There are lessons to life That the lovers got to learn There are corners out there You know they're waitin' somewhere And you've got to be prepared to turn There are callouses that come That the lovers got to earn In the years of your youth You can't be fire proof You know you've got to get burned.
You can't actually have a romance between friends. That sort of defeats the definition of the word "romance." The word you're looking for is "love." It's a love between friends, just as there's also love between lovers, or possible lovers, or even ex-lovers. Same holds true for "bromance" - it's just a clever word used to avoid the word love, for straight boys who don't want that old-fashioned taint of gayness. Dudes, you love each other. Deal with it.
Lovers cannot imagine any opposition, no matter how small, to the beloved. They cannot endure to see the beloved veiled by something that causes Him to be forgotten. Moreover, lovers regard as futile any speech not about the beloved, and any act not related to Him as ingratitude and disloyalty.
Christian love is the only kind of love in which there is no rivalry, no jealousy. There is jealousy among the lovers of art; there is jealousy among the lovers of song; there is jealousy among the lovers of beauty. The glory of natural love is its monopoly, its power to say, 'It is mine. ' But the glory of Christian love is its refusal of monopoly.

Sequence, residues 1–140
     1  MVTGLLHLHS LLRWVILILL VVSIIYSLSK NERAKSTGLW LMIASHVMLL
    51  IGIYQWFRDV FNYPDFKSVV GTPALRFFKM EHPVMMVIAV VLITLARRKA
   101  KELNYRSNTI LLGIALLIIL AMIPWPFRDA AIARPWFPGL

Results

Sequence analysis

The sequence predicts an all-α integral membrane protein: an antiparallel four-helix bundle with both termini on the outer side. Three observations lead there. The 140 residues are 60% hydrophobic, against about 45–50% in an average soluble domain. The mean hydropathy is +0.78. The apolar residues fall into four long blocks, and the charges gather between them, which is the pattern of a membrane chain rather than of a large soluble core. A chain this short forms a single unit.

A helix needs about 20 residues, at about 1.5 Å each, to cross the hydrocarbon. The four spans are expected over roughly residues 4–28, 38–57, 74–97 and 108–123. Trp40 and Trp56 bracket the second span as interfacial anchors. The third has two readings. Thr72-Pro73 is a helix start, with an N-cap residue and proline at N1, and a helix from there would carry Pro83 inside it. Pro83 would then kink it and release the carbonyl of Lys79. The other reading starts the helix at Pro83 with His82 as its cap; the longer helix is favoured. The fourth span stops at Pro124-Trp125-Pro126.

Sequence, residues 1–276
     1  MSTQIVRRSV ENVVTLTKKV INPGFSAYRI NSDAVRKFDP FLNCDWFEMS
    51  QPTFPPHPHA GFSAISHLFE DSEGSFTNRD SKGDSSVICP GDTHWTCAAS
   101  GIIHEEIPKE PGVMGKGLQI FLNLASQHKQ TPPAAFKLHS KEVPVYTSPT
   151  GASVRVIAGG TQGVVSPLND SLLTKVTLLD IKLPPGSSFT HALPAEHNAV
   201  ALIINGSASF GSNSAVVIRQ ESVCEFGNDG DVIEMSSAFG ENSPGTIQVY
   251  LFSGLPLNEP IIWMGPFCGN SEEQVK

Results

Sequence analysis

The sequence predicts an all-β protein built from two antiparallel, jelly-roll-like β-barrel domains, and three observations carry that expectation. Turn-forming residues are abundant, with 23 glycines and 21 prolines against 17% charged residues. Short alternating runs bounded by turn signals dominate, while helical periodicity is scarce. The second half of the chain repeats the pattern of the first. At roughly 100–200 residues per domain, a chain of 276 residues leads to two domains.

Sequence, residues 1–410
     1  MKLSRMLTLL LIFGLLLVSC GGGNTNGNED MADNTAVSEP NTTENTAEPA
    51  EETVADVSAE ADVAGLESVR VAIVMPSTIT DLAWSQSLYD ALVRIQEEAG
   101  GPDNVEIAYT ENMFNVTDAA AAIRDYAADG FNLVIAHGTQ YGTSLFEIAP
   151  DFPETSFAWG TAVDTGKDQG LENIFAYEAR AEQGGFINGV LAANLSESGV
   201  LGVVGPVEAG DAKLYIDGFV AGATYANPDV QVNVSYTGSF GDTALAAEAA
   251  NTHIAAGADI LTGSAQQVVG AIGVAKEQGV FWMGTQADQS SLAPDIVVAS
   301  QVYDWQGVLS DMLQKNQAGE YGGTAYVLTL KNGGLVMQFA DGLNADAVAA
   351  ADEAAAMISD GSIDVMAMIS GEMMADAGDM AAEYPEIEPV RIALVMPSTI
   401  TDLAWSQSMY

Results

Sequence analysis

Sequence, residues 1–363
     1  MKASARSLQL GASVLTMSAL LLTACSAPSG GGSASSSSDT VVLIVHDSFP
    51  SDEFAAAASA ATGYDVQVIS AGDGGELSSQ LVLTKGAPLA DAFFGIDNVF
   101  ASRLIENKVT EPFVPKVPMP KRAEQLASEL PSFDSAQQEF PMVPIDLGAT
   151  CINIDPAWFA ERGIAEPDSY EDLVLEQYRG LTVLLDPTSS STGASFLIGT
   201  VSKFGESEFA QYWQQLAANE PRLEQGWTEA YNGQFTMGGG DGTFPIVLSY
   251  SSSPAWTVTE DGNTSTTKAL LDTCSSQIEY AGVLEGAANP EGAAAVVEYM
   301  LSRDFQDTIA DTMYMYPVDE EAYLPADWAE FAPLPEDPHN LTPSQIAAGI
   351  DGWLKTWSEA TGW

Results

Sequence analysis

Marriage [is] not just a bond between two people but a bond between those two people and their forebears, their children, and their neighbors... Lovers must not... live for themselves alone... They say their vows to the community as much as to one another, and the community gathers around them to hear and to wish them well, on their behalf and on its own. It gathers around them because it understands how necessary, how joyful, and how fearful this joining is. These lovers... are giving themselves away, and they are joined by this as no law or contract could ever join them. Lovers, then, 'die' into their union with one another as a soul 'dies' into its union with God... If the community cannot protect this giving, it can protect nothing... It is the fundamental connection without which nothing holds, and trust is its necessity.
Love, by reason of its passion, destroys the in-between which relates us to and separates us from others. As long as its spell lasts, the only in-between which can insert itself between two lovers is the child, love's own product. The child, this in-between to which the lovers now are related and which they hold in common, is representative of the world in that it also separates them; it is an indication that they will insert a new world into the existing world. Through the child, it is as though the lovers return to the world from which their love had expelled them. But this new worldliness, the possible result and the only possibly happy ending of a love affair, is, in a sense, the end of love, which must either overcome the partners anew or be transformed into another mode of belonging together.